The traditional media have lost credibility as their news judgment has departed from what people seem to be seeking in politics. It was not this gaffe or that scare campaign that turned the election - such an analysis assumes the traditional media has more readers/ listeners/ viewers than they have, and that their coverage is taken more seriously than it is. Insiders showed a ten-minute montage of dreck footage, and none of the bastards who followed had the decency to apologise and/or resign. Those who don't understand the result can't explain it.
The fact that they can't explain them further devalues traditional media as trusted, experienced sources of political information. This in turn opens more scope for minor parties and devalues poor muppets like Josh Frydenberg, who would be nothing at all without major parties and traditional media, who then seem to spray themselves with voter-repellent when they breathlessly announce "stay tuned for our exclusive interview", and so it goes down the plughole. In this article Brigid Delaney mocks Liberals who actually believed what they read/ heard/ saw in the media, who relied on insider tips fed to them by Liberals, and who then had the journos eat their hors d'oeuvres, and so on in a self-referential loop that both journalists and politicians wrongly assume will keep them all busy.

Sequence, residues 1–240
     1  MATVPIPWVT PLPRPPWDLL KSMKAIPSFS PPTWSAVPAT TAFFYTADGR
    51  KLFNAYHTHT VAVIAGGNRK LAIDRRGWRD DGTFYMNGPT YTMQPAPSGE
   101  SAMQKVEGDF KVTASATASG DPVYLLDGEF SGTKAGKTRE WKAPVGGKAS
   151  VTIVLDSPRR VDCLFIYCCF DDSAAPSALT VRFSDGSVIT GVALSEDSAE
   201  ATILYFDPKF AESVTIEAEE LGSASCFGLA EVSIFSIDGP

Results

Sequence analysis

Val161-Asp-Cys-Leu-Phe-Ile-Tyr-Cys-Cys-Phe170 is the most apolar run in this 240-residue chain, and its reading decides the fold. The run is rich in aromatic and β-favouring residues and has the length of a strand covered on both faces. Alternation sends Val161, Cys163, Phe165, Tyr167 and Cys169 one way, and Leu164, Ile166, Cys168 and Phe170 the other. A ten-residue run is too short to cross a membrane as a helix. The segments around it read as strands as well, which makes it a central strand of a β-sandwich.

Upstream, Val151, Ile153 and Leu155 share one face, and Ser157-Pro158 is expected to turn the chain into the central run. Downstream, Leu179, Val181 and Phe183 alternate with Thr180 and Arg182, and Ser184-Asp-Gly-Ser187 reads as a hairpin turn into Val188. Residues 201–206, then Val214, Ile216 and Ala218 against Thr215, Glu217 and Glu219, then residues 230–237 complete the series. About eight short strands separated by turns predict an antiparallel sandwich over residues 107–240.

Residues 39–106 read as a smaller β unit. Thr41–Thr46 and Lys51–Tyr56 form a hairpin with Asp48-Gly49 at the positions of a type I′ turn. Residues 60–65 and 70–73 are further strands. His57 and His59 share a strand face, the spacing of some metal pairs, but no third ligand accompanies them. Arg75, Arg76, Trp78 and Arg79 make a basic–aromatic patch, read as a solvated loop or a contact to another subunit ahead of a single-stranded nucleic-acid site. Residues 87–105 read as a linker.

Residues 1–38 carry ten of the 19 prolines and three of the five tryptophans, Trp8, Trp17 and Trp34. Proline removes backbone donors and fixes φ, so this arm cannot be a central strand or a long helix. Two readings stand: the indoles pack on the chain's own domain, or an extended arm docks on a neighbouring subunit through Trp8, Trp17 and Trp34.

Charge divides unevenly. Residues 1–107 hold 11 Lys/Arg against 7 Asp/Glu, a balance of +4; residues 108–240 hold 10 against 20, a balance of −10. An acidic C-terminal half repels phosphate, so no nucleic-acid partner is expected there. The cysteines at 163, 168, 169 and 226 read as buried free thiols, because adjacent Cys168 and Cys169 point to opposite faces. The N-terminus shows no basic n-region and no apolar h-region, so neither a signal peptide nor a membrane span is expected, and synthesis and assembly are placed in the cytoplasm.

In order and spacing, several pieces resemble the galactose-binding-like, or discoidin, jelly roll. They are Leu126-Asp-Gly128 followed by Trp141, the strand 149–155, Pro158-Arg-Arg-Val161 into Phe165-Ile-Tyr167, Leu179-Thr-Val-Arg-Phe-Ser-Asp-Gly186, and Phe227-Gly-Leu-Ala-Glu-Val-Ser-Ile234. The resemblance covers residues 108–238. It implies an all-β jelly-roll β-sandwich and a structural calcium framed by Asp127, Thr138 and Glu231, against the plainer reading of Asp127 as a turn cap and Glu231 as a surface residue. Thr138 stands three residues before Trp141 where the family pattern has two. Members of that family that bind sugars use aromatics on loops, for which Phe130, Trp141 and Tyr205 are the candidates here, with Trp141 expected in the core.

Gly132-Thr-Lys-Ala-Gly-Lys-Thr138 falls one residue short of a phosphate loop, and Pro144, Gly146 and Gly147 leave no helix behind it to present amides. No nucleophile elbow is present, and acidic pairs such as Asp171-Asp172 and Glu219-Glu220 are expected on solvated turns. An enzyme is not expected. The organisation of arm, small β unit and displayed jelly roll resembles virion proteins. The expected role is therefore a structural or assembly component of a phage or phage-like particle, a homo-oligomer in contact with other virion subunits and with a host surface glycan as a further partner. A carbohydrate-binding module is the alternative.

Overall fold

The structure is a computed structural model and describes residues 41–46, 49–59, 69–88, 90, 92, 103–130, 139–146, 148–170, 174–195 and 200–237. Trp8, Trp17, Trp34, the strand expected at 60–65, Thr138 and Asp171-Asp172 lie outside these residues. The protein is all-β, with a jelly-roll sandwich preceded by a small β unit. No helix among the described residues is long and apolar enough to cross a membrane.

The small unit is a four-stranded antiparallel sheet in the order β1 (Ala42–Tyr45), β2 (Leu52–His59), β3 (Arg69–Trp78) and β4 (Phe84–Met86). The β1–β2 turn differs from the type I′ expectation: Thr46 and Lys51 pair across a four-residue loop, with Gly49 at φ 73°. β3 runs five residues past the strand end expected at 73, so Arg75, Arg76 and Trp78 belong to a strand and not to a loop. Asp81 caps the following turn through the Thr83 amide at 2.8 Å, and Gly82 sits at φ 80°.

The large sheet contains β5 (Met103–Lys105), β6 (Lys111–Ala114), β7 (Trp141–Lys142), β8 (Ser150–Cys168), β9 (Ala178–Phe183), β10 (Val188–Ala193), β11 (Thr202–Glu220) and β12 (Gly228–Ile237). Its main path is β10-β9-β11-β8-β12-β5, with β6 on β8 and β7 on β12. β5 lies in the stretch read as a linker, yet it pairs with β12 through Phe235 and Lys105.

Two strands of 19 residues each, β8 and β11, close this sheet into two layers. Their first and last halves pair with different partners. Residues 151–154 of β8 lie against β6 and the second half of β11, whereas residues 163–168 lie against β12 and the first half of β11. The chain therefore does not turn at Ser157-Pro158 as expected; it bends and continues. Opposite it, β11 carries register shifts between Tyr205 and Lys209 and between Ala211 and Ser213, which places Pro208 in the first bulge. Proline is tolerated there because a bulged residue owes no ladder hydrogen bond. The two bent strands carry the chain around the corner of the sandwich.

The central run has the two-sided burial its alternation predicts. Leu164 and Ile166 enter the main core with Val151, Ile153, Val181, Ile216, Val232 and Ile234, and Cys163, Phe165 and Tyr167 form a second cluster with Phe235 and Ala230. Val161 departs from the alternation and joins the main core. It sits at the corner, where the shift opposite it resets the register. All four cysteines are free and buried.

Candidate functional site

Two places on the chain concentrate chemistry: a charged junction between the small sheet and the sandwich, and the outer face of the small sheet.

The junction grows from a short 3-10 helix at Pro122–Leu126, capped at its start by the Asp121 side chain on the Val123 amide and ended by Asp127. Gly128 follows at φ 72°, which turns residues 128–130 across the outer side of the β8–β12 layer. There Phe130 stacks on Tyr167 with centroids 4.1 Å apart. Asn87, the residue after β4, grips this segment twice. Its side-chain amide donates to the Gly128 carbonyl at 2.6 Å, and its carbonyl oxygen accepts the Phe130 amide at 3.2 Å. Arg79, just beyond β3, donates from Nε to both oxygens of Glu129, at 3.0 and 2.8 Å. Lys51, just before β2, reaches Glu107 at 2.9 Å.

I've talked about the death spiral of traditional media and major parties for a decade (apologies again for being so light-on over the past few weeks, I've been busy), but never has it been more obvious than in this campaign. By 2019 there will be fewer journalists employed by traditional media overall, though the press gallery may remain a bloated herd. It's amazing to think that editors and news directors will again send impressionable journalists out to do warmed-over Crouse/Thompson from a school in Cairns, a hospital in Perth, a highway easement in Westensinny, etc. ...
Surely not all political journalism in this campaign was crap?Mostly it was. Only two exceptions of quality journalism applied to public policy come to mind from this election campaign:
- [$] Laura Tingle's detailed explanation of the relationship between the Attorney-General and the Solicitor-General, and why it matters; and
- Jenna Price's extraordinary article on how changes to Medicare have real-world effects on your healthcare.
If the press gallery and the campaign trail produced consistently good journalism, it might be worthwhile - but it doesn't, and it isn't. Journos often moan that I don't call out positive examples: but when I do it only emphasises what dreadful garbage they have flung at us over the past eight weeks, and for years and years before that.